The new owner of the Chicago Cubs knows what fans want to hear and he didn't wait long to deliver.
Tom Ricketts was only a few moments into his first news
conference as owner of the storied franchise Friday when he said
the Cubs will win the World Series and end an infamous drought that
dates to 1908.
When, who knows? How? Well, Ricketts said, there is no "magic
bullet" but consistent talent will get the Cubs to the top.
Ricketts said there are plans to improve Wrigley Field but also
preserve the feel of the venerable ballpark on Chicago's North
The family of billionaire Joe Ricketts, the founder of Omaha,
Neb.-based TD Ameritrade, this week closed a deal to buy a 95
percent controlling interest in the Cubs, the ballpark and 25
percent of Comcast Sportsnet, which broadcasts a number of Cubs
game. The Tribune Co. retains a 5 percent stake.
The price tag was $845 million. "It is a dream situation, a dream job. It's the best franchise in sports," Ricketts said earlier this week in an interview with The Associated Press.
"And I don't know any fans who wouldn't want to end up in the
situation we're in today. The good news is that even though it's a
dream job, it's still a business. It's a great team, but the
challenges of managing business will be similar to the challenges
of managing other businesses."
Tom Ricketts was a market maker at the Chicago Board Options
Exchange and a finance executive before starting investment bank
Incapital LLC in 1999. He will serve as chairman of the board, one
that will include brothers Pete and Todd and sister Laura, who
joined him Friday.
Business principles will apply to baseball, Tom Ricketts said. "You got to watch your expenses, you got to be careful with your payroll, you've got to look for ways to improve, improve your relationship with the fans and to keep growing the business," he said. "I think those are challenges that we're all ready for."
He said his management style will be to hire qualified people,
let them do their jobs and yet hold them accountable.
"You're not going to see me or anyone else in this family
calling the dugout during the game," he said.
General manager Jim Hendry, criticized for offseason moves after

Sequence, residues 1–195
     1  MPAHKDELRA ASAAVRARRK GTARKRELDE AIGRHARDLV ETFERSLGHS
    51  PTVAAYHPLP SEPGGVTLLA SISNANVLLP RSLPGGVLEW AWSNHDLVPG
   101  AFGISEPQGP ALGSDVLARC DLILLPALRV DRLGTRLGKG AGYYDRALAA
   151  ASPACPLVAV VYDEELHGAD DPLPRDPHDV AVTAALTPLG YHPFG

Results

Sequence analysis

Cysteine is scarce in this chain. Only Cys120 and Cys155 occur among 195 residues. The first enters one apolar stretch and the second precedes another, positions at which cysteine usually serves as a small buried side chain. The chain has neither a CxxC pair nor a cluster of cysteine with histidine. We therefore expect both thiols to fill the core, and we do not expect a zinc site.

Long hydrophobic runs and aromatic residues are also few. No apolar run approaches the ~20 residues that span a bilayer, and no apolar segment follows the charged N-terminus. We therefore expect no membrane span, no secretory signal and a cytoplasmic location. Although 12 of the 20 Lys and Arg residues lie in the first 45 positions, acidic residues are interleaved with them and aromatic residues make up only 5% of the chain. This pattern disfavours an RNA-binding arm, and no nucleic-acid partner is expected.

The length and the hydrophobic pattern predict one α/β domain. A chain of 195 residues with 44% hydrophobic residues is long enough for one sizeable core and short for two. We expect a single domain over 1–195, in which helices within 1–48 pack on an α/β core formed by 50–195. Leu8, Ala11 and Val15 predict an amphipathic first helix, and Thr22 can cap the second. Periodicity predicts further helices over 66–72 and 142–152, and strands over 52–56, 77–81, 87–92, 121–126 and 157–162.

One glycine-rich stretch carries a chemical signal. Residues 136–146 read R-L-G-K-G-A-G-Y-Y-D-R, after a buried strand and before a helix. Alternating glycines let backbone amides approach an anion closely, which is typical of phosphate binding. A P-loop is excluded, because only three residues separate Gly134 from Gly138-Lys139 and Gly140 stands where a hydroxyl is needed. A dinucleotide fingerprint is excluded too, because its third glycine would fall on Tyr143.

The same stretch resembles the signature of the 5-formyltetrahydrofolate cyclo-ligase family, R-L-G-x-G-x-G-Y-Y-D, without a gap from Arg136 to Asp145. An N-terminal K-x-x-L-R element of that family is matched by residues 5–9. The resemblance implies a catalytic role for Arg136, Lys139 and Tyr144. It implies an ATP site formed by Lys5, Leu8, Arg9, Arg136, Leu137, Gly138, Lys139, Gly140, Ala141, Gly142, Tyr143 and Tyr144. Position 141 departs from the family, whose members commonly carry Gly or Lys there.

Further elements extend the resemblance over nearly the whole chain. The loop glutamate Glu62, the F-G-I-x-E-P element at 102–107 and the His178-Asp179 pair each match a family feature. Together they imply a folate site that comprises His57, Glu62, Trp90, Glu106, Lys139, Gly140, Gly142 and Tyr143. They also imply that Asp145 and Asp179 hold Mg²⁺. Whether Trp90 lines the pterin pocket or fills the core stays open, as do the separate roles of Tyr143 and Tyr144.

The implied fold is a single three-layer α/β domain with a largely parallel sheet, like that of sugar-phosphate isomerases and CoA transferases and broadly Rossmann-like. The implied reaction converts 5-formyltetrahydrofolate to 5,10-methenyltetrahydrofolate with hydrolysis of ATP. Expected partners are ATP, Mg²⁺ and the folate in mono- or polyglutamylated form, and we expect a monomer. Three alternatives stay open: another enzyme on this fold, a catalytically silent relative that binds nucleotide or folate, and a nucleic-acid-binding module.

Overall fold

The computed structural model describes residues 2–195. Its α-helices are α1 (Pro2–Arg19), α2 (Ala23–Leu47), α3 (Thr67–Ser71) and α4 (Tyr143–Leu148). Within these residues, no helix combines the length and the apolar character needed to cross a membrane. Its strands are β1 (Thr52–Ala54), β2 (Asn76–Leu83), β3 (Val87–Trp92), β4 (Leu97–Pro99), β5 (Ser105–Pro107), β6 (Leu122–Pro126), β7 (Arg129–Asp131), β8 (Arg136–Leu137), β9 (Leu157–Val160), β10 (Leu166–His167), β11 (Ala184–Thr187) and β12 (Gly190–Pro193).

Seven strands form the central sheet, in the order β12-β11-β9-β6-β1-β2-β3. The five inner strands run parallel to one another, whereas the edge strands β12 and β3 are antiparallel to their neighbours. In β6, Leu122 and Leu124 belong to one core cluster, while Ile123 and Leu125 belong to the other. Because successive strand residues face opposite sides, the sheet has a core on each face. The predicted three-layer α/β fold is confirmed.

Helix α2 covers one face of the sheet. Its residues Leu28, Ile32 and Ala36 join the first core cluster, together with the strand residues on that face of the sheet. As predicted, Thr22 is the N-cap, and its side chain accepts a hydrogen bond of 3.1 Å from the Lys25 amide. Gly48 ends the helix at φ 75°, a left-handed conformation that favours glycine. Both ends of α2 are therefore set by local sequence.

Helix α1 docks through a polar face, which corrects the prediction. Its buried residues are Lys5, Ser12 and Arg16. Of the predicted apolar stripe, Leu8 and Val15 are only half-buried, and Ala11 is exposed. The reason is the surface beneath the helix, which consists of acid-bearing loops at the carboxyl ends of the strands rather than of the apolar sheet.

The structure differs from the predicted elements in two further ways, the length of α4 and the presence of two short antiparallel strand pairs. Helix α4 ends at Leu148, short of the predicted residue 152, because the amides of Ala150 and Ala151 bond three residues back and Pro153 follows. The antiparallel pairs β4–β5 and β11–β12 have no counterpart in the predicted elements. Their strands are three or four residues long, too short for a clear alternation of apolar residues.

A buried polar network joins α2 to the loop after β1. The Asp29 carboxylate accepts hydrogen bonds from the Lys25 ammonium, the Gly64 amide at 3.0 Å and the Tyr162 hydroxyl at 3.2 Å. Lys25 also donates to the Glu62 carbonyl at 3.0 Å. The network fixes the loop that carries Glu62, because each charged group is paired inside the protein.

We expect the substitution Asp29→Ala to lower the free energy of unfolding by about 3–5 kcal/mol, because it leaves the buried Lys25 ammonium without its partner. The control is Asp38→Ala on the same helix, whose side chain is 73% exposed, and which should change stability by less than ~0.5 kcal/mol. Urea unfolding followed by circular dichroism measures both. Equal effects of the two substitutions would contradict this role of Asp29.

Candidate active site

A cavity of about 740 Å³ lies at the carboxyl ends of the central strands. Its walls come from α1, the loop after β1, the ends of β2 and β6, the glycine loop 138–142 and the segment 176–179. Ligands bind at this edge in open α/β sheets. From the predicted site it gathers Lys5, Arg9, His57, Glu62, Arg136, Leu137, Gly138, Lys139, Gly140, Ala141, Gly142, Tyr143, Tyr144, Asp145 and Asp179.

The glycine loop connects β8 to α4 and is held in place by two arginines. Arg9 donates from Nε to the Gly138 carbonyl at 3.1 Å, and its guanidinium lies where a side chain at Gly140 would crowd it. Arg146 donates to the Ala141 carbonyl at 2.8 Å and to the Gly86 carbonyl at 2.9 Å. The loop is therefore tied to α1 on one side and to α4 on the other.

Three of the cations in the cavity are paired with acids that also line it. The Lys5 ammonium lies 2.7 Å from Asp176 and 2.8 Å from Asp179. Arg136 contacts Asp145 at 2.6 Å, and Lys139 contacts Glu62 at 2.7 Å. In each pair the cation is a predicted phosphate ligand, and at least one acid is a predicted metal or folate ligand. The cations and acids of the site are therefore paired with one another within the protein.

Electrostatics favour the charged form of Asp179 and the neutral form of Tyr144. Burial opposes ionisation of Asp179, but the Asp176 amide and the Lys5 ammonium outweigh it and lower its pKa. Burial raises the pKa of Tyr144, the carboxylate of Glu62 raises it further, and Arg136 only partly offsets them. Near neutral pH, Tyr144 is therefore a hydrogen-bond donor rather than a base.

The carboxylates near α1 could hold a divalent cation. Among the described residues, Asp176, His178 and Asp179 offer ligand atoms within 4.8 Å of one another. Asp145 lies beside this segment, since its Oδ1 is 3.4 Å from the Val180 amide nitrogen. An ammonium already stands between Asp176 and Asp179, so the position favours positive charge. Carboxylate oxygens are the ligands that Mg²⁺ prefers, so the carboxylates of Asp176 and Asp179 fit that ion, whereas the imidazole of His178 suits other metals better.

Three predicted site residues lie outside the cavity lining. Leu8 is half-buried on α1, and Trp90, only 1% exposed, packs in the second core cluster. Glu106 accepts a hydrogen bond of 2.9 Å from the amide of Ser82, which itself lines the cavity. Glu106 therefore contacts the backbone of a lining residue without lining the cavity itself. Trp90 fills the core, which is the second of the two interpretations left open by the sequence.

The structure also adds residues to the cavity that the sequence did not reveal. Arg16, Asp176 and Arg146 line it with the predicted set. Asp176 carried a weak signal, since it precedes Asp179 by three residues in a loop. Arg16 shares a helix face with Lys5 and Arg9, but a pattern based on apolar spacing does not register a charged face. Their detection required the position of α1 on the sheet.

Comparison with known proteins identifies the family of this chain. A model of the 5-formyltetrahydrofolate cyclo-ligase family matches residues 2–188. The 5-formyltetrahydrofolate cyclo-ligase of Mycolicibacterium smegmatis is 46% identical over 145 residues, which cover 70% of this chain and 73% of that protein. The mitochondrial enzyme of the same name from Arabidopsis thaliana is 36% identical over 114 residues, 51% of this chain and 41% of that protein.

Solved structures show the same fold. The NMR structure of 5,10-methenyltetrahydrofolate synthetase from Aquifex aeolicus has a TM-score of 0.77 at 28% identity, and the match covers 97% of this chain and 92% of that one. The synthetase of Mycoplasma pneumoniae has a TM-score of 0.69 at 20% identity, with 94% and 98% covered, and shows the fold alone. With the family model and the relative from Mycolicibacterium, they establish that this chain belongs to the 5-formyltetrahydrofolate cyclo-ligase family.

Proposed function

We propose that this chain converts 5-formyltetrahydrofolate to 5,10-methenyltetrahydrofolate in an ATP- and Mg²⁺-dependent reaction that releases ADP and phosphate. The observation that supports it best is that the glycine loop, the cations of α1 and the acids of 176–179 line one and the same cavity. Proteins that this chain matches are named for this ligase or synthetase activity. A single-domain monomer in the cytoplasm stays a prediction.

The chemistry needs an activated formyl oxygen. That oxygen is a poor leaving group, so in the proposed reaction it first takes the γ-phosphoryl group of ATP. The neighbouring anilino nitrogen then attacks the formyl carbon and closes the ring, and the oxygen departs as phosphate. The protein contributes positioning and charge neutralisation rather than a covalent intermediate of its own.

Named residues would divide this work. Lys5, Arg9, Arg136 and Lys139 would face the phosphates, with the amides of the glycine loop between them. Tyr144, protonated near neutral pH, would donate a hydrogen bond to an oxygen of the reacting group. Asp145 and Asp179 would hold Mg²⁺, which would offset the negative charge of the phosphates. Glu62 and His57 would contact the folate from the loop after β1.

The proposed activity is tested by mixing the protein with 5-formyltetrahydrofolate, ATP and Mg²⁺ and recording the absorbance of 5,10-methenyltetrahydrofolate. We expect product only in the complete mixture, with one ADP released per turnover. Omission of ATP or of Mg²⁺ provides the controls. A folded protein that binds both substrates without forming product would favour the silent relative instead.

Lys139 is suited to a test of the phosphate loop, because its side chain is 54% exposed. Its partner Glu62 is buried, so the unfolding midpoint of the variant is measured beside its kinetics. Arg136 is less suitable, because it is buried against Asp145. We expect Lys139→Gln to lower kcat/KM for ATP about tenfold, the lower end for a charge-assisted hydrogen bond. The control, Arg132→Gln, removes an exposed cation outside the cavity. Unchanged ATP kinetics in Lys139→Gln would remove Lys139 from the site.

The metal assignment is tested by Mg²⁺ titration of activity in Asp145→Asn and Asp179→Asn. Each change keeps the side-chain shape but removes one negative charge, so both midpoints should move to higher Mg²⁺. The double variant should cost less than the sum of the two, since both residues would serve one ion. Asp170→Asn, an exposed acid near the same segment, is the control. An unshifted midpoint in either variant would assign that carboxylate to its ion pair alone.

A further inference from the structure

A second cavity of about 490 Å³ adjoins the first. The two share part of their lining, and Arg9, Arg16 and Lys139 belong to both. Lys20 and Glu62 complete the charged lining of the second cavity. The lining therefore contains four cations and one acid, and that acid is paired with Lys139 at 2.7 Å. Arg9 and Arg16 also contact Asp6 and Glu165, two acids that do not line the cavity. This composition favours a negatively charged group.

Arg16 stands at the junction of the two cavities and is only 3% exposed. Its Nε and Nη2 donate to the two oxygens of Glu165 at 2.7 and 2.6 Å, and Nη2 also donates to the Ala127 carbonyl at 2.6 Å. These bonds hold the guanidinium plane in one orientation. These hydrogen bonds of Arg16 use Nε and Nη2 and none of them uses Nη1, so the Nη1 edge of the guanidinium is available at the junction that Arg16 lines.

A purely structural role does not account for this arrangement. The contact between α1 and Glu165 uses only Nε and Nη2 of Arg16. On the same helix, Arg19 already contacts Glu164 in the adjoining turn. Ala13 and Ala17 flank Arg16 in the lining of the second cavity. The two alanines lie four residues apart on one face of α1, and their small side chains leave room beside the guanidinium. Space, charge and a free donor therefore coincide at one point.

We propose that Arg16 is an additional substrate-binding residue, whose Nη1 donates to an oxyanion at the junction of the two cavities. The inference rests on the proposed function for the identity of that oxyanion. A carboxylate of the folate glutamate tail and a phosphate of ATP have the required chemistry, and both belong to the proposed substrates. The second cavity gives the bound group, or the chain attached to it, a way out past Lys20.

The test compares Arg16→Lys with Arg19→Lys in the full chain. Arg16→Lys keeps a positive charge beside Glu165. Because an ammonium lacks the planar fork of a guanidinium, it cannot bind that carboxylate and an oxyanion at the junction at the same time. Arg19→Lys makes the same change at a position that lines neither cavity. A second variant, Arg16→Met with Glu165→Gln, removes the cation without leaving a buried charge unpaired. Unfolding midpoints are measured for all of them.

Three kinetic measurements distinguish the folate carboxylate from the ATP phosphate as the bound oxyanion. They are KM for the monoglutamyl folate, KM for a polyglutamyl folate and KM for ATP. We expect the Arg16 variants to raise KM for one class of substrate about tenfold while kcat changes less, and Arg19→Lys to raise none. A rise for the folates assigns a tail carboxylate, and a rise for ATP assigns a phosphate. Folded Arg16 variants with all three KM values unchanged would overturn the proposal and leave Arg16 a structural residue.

the Cubs failed to make the playoffs for the first time in three
years, has earned the chance to lead the team into next season,
Ricketts said. Hendry has a contract through 2012.
"Everyone was disappointed with the performance of the team in
2009. Expectations were very high and they weren't met," Ricketts
said. "In the big picture, Jim has taken us to the playoffs three
times in the past seven years after a team that only went three
times in the previous 57 years. So I think he has a track record
that affords giving him the chance to take us into next season."
Ricketts said he also wants manager Lou Piniella to return for
the 2010 season, which would be the final year of his four-year
"I'm not going to speculate about 2011," Ricketts added. "I
think we'll just take it one year at a time."
The Cubs had a payroll of approximately $135 million this past
season and Ricketts said he anticipates it increasing slightly this
year. He wouldn't comment on the future of mercurial outfielder
Milton Bradley, who was suspended by Hendry for the final two weeks
of the season for conduct detrimental to the team after he
criticized the atmosphere surrounding the Cubs.
Bradley, who struggled mightily in his first season in Chicago,
still has two years left on his contract for $21 million.
"It's Jim's decision, it's his responsibility to put the best
team on the field next year and that will be his decision on what
to do with all the players," Ricketts said.
He also confirmed that Crane Kenney, who was the team's chairman
under Tribune's ownership, will stay on as team president and be
responsible for the business of the team.
Tribune announced on Opening Day in 2007 that the Cubs and
Wrigley Field would be sold at the end of that season. But the
process was slowed by the recession and Tribune's 2008 bankruptcy
filing. At one point, a second bidder emerged late, fueling
speculation that the Ricketts family would not be the new owners.
Ricketts said he never negotiated directly with Tribune CEO Sam
"Just with people from his organization and they were fine.
They are hard bargainers, I suppose, but it was just a complicated
negotiation," he said.
Did Ricketts ever have second thoughts? "I would say it was a little more difficult than we imagined and certainly the environment that existed when the transaction began was not the environment that we had when the transaction closed," he said. "It was a very volatile capital market that also led to months of delay as we worked through the issues we had with the financial side of the transaction."
Ricketts called the work ahead "daunting," particularly the
work on Wrigley.
One option is to build a building next to the stadium with more
food choices and chances to learn about team's history. Improving
the clubhouses is also possible, and he wants to immediately
improve things like the restrooms and concourse congestion.
In the long term, Ricketts said the family is exploring several
options and will try to make an improvement each year at Wrigley,
which opened in 1914 and is the second oldest park in the majors.
He said that plan will last about five or seven years.
Any changes, Ricketts said, will not tread on the atmosphere
that makes Wrigley Field unique. He knows that from being a fan
himself, and he met his wife at a Cubs game long ago.
"We can't mess with that special feeling," Ricketts said.
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